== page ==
The National Security Agency is raising the stakes in the debate to renew sweeping surveillance powers contained in Section 702 of the Foreign Intelligence Surveillance (FISA) Act, arguing the law “saves lives” and that failing to reauthorize it could cost them.

“Last year a foreign attack resulted in the deaths of more than 20 people,” the signals intelligence agency said in a rare but vague blog post on its website Thursday. “Who was behind it? Had they also taught others how to carry out such malicious acts? It was NSA’s Section 702 collection that revealed the identities of the overseas terrorists who were responsible.”

Section 702 authorizes NSA to tap the physical infrastructure of internet service providers, like fiber connections, to intercept foreign emails, instant messages, and other communications belonging to foreign nationals as they exit and enter the U.S. But according to NSA, the program also “incidentally” sweeps up the communications of Americans corresponding with, and until recently, merely even mentioning foreign targets.

“This collection provided the necessary insights and reporting on the attack that refuted the terrorist organization’s denial of any involvement,” the NSA post continues. “Specifically, Section 702 collection provided a direct claim of responsibility from the terror group’s leaders and included a list of terrorists trained for the operation. This was crucial for supporting timely U.S. and coalition force planning and operations against terrorists in the region.”

The statute received increased criticism from Congress, federal courts, digital and civil rights groups this year as it approaches expiration at the end of December. Experts say it likely results in tens of millions of warrantless intercepts of Americans’ communications, and prolific NSA leaker Edward Snowden and Democratic privacy hawk Sen. Ron Wyden of Oregon suggest it could be manipulated to target communications that are entirely domestic.

NSA and others in the intelligence community are pushing back against those arguments, going so far as to pressure Congress to permanently enact the 2008 FISA Amendments Act, under which Section 702 is codified.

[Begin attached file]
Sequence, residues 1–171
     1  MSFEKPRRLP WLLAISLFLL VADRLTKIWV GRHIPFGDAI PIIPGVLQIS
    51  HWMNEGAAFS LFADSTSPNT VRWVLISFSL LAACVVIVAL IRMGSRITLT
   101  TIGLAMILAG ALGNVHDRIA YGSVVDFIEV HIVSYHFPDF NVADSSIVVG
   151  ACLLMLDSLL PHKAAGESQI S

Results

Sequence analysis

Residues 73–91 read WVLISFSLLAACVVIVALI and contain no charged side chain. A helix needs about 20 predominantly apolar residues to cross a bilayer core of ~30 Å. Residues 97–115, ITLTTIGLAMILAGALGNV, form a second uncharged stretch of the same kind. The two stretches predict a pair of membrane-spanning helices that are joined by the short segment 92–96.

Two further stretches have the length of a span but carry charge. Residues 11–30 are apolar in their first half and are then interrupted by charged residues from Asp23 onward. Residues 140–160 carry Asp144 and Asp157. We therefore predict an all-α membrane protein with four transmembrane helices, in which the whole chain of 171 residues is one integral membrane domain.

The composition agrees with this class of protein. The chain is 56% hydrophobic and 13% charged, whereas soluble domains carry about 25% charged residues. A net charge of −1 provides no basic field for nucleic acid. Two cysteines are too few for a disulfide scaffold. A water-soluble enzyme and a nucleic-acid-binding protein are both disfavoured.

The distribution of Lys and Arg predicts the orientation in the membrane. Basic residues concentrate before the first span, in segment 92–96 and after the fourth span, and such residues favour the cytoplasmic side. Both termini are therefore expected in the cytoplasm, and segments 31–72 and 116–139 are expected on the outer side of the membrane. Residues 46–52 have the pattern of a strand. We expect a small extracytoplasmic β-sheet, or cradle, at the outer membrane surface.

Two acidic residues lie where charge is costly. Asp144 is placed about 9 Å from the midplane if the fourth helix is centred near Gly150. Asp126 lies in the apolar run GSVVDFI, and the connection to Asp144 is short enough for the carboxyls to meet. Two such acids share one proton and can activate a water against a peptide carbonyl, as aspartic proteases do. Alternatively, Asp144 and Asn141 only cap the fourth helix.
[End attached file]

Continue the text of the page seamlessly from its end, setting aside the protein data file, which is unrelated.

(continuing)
The post on NSA’s website came one day after the Office of the Director of National Intelligence (ODNI) released a cache of documents describing the training NSA signals intelligence analysts go through and annual reports on the number of intelligence reports it disseminated to other agencies containing data on Americans. Those documents were released pursuant to a Freedom of Information Act request related to a lawsuit the American Civil Liberties Union brought against NSA in New York.

Wyden, Kentucky Republican Sen. Rand Paul, and others have for years asked former Director of National Intelligence James Clapper and now Dan Coats, the nation’s new top spy, for an estimate of how many Americans are swept up in Section 702 collection. Both, alongside NSA Director Adm. Mike Rogers, say its impossible to calculate without violating the very privacy rights Wyden, Paul and others are seeking to protect, since it would require looking for Americans directly in the NSA’s broad dragnet.

One report covering Sept. 1, 2014 to Aug. 31, 2015 shows NSA disseminated 4,318 intelligence reports containing Section 702 information with at least one reference to a U.S. person. However this only includes U.S. person data that made it into a report, not data on U.S. persons the NSA collects and stores, but hasn’t yet queried.

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